Last week, my son Silas spent a day shadowing me.
He was available because the schools in our district are shuttered due to a labour dispute. Tuesday evening I made the executive decision that if he was not going to learn at school then I would broaden his experience by letting him see first hand what I do on a daily basis.
We got an early start.
Shortly after 7am, we were visiting support staff and teachers on the picket line at Deep Cove Elementary. Before heading into town we made stops at Parklands Secondary and North Saanich Middle School. He heard first hand the experiences that support staff, teachers and administrators have managing staffing shortages that are the result of a historic wage disparity between the Saanich district and neighbouring districts in Victoria and Sooke.
When we got to the legislature, he got a front row seat at a BC Green Caucus meeting. Andrew Weaver offered Silas his iPad to play video games. Frankly, watching paint dry is more exciting for a nearly 12-year-old kid than a caucus meeting ever could be.
Question period is after lunch on Wednesdays. Silas found himself sitting in a nearly empty gallery directly behind the press. Testing the flexibility of the hawkish eye of security, he claims even crossing his legs is out-of-order up there. None-the-less, we made eye contact several times and his soft smile brought delight to many in the Chamber. He is a pretty cute kid for sure!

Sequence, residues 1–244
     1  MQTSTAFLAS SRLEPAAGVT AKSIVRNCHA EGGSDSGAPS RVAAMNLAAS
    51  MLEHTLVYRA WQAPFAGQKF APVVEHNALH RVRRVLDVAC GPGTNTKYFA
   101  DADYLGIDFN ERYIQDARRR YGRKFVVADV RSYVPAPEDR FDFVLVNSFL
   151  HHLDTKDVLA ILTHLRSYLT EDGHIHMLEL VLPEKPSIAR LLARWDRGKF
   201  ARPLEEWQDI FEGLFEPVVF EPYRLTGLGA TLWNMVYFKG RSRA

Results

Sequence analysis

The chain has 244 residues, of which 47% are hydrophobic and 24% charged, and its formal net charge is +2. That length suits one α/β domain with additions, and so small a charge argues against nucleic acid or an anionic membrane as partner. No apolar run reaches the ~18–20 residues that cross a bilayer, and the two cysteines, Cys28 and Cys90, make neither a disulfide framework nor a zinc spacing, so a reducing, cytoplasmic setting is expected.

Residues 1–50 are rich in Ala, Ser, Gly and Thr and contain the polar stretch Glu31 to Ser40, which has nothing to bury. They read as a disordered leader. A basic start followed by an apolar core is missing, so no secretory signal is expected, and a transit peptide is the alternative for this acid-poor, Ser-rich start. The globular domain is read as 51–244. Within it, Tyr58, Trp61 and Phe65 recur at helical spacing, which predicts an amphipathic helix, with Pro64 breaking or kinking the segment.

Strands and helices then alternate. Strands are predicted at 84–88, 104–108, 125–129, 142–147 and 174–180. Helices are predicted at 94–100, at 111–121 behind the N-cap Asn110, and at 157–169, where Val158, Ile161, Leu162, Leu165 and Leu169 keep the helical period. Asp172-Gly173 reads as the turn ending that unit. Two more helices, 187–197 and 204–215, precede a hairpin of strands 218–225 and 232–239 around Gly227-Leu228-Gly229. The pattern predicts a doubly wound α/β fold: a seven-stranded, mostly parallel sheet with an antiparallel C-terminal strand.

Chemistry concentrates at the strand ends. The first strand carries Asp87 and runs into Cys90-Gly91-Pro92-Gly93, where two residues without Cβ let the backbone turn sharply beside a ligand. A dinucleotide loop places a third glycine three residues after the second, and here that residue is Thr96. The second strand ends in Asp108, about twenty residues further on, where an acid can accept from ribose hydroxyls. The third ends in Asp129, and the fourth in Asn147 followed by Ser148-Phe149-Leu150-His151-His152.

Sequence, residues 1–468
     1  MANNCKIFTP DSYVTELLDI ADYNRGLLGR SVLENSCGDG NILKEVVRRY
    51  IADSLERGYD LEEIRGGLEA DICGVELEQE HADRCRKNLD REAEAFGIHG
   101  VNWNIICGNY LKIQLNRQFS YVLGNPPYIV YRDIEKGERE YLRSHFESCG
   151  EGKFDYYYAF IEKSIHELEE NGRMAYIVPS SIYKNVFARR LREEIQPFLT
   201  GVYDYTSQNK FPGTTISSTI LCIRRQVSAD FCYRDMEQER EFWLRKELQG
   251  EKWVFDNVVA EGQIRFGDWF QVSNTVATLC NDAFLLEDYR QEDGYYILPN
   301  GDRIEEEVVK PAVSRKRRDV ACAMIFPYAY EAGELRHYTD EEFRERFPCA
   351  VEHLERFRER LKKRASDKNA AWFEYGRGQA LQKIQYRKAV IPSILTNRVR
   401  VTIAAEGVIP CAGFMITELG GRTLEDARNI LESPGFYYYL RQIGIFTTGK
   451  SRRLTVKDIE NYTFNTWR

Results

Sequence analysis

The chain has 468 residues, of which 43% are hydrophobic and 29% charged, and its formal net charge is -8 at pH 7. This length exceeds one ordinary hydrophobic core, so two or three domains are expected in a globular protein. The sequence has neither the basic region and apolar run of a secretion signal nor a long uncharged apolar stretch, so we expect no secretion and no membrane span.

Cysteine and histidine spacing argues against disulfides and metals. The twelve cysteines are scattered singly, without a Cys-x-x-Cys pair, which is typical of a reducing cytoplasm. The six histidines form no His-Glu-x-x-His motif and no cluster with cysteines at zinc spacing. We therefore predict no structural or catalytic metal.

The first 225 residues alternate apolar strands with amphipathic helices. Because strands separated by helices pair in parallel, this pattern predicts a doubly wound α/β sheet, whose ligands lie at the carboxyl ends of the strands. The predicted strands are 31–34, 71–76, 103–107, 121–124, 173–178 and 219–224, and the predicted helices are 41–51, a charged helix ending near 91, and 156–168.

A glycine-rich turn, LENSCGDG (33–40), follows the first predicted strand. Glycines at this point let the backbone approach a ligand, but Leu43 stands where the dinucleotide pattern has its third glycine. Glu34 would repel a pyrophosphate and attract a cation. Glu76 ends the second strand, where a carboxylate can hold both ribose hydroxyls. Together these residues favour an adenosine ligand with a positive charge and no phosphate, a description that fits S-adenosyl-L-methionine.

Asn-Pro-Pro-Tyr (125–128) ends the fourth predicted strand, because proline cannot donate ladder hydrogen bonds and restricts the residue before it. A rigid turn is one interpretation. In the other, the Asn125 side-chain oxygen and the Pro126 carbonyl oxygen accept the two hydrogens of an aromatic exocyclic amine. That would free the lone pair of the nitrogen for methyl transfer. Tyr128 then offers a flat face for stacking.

Following question period, I brought Silas into the Speaker’s office where he snagged a few goodies and treats. It’s not his first visit with Mr. Speaker and he was thankful to have Cheezies and ketchup chips to power him through the afternoon. He decided to stay in my office where he could eat snacks, play video games and “sorta” watch my second reading speech on Bill 41, The Declaration on the Rights of Indigenous Peoples Act (2019). When he gets older, I’m sure he will tell people that he was there on that important day in the history of British Columbia.
We had dinner together in the Legislature’s Dining Room which nearly got us to the 7pm adjournment of the debates in the House.
It’s a long day. That’s just about my every day. On the way home, he was very much alive to the fullness of my duties as a Member of the Legislative Assembly.
“Kids ask me if I am going to be a politician when I grow up,” he said from the back seat. “I was like, hmmmmmm, I don’t know. Now I’m like, definitely not!“
It’s unfortunate that he was out of school but I’m glad I had the opportunity to spend the day with him. More than that, I’m grateful to all my colleagues on all sides of the Chamber for making Silas feel comfortable and welcome in the legislature.
Today I’m honoured to welcome my son, Silas Olsen, into the House with us today. He’s out of school due to a little strike issue in school district 63, so I decided to bring him to work.
This morning started very early for Silas, and it’s going to go very long for Silas. He sat through caucus meeting, so anybody, if they’re interested in finding out what goes on, might want to have a conversation with Silas. He’s learning about governance. He’s learning about politics, for sure. Could everyone here please make him feel very welcome.